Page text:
Srebnik’s face — as the villagers who’ve just been so delighted to see him start talking about why the Jews deserved to die — is just astonishing to watch. The length of that scene — and the lack of voice-over narration — is for me the most powerful and immediate moment in any Holocaust film, fiction or documentary, I’ve seen. As a child I was horrified by footage of the liberation of Bergen-Belsen and bulldozers and piles of corpses — they were sickening, but not immediate and human and horribly REAL the way that scene in Shoah was. Of course images of dead Jewish bodies and skeletal inmates are indelible, but whoever would have thought a living person’s crinkly-eyed, smiling, frozen expression could be?

The most powerful film I have ever seen.

Mark S. Devenow says:

I think Professor Lipstadt is nothing less than a national treasure and she certainly has supplied an excellent review of a powerful documentary which etches the soul. However, there is one important thing left out: In alluding to Lanzmann having “secretly filmed a Nazi guard who worked at the Treblinka gas chamber” she accurately describes his entirely arrogant and insouciant mien but neglects to describe what happened in the course of or following the interview.

Hence, it is worth adding – although this is either referred to only in passing, or not referred to at all in the movie – that at some point within the interview, or following the point at which the interview concluded, the Nazi bastard grew suspicious. In wake of this Lanzmann was assaulted by this animal and suffered sustained injuries which resulted in hospitalization. This being further testament to what personal courage was required to have produced what amounts to a masterpiece.

si bien lo que indica hyman rosen es cierto; también lo es que l escena de srebnik con los polacos de hoy, simplemente de deja sin palabras, helado. Decorazonado y con la sensación de haber apreciado un momento lucido y entre cándido y culpable; entre odioso y excusable.

billie says:

Although it’s been so many years since I saw the film, of all the horrors of the Holocaust, I, like some others, will never forget Srebnik’s face and those around him speaking of him as if he were not there. I no feel impelled to see Shoah again.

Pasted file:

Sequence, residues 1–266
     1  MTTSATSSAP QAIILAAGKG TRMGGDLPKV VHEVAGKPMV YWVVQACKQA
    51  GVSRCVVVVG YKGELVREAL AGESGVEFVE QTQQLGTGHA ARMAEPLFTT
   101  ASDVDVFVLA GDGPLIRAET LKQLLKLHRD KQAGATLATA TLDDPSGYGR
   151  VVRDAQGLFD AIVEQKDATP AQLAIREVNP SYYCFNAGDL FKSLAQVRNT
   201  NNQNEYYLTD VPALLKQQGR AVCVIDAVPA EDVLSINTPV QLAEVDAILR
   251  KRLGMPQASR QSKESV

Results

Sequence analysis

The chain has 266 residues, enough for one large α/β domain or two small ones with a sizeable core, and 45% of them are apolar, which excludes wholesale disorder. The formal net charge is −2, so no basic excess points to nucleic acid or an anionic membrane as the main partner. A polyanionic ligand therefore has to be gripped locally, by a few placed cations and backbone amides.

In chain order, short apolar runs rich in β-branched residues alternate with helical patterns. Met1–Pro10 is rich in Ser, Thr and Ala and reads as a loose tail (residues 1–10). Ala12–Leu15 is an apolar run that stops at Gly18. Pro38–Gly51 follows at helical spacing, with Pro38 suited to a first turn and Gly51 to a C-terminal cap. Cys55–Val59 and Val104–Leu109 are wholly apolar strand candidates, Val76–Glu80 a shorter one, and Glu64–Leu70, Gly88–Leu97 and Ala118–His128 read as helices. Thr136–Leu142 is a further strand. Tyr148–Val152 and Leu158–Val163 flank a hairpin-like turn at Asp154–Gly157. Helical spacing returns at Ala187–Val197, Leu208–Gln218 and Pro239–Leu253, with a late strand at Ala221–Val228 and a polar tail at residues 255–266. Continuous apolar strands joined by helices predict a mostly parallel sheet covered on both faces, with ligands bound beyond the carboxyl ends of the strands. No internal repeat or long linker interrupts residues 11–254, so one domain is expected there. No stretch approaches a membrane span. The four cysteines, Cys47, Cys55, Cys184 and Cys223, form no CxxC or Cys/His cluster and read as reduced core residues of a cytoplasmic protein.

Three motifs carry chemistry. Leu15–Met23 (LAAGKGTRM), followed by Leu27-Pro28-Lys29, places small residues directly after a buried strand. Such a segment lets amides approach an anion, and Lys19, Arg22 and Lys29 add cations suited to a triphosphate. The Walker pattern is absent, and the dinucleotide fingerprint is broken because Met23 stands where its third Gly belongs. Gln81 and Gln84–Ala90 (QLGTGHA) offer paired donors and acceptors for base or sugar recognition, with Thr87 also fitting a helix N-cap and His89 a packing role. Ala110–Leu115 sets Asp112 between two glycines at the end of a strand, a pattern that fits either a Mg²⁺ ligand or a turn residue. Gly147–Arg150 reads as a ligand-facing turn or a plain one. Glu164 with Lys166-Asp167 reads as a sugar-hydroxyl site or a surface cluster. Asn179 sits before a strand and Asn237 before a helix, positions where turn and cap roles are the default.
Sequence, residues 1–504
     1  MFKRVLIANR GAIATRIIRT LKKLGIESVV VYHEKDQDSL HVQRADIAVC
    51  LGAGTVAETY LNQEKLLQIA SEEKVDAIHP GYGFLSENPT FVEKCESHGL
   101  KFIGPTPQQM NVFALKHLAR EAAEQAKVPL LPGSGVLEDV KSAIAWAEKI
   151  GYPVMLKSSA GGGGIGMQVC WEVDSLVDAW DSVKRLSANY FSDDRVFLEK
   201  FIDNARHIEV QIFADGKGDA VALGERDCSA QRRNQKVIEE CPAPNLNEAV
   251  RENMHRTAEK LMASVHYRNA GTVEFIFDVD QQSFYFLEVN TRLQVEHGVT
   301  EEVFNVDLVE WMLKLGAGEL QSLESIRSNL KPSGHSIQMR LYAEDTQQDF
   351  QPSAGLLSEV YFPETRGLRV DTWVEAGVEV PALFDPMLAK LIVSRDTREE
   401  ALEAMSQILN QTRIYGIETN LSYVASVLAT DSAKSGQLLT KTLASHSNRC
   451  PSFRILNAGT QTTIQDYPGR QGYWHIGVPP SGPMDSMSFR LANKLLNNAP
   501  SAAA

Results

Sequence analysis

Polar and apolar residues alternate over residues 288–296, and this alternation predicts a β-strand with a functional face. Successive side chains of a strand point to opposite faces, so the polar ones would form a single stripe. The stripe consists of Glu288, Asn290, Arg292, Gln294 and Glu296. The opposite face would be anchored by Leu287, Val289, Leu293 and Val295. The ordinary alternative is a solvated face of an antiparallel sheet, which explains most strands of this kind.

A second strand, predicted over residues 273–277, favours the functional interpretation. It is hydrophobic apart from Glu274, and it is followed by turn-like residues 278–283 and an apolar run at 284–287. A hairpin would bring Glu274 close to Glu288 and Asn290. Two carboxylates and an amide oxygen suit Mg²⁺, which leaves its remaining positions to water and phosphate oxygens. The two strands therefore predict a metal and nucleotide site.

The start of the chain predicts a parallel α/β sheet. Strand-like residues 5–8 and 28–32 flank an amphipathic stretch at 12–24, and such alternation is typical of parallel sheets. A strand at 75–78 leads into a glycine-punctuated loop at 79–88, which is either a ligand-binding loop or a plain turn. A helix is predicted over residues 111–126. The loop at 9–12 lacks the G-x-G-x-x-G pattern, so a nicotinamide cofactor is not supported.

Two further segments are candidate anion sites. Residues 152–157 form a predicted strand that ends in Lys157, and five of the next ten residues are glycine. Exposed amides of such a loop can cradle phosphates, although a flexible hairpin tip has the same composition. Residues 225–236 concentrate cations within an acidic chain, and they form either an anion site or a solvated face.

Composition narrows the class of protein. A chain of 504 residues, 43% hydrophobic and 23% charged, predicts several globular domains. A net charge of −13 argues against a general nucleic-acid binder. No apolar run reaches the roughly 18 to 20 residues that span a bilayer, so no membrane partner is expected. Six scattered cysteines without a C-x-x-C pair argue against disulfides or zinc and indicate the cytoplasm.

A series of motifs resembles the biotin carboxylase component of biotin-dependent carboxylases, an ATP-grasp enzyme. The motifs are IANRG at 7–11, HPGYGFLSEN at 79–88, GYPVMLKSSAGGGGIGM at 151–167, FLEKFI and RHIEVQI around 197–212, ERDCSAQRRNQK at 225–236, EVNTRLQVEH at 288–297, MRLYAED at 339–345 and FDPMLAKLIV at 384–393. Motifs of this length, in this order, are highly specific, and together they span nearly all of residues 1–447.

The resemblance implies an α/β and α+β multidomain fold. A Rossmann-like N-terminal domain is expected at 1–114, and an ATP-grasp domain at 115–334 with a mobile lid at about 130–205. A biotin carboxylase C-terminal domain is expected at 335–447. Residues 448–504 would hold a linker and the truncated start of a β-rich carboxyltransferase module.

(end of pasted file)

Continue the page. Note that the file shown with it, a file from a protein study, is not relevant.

secret says:

>>>>Lanzmann also finds perpetrators. He secretly films a Nazi guard who worked at the Treblinka gas chamber. The guard, thinking he is speaking with a neo-Nazi, describes the killing process in a straightforward, unemotional manner, leaving no doubt that he is unashamed about what he did. I know of no other video record of a perpetrator precisely describing what he did.

There is an old german documentary called “Drei deutsche Mörder” by Ebbo Demant from 1978 with three convicted of the Frankfurter Auschwitz trails talking on film about their crimes.

Janita Wetzell says:

@YiftertheShifter1 pre’s previous last race was any 5k together with honest. frank had just had tooth enamel dragged it is my opinion a day or 2 before. Honest wasn’t at his best, however , neither was pre. he really been doing alot organizing and a lot less workout for the finn meet on the preceeding 4 weeks. they had dash at coos bay, madras, hayward domain etc. the 12: 1951 kind there was tailwind so pre and frank had turns each one panel composing each other to move for the AR. ken moore plus phil dark night take a look at how thats the only one pre will need to have lost.

I’ve said that least 2949411 times. The problem this like that is they are just too compilcated for the average bird, if you know what I mean

I tried viewing your blog with my blackberry and the format doesnt seem to be correct. Might want to check it out on WAP as well as it seems most mobile phone layouts are not working with your web site.


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Claude Lanzmann’s Shoah, 25 years after its release, remains the most powerful Holocaust film ever made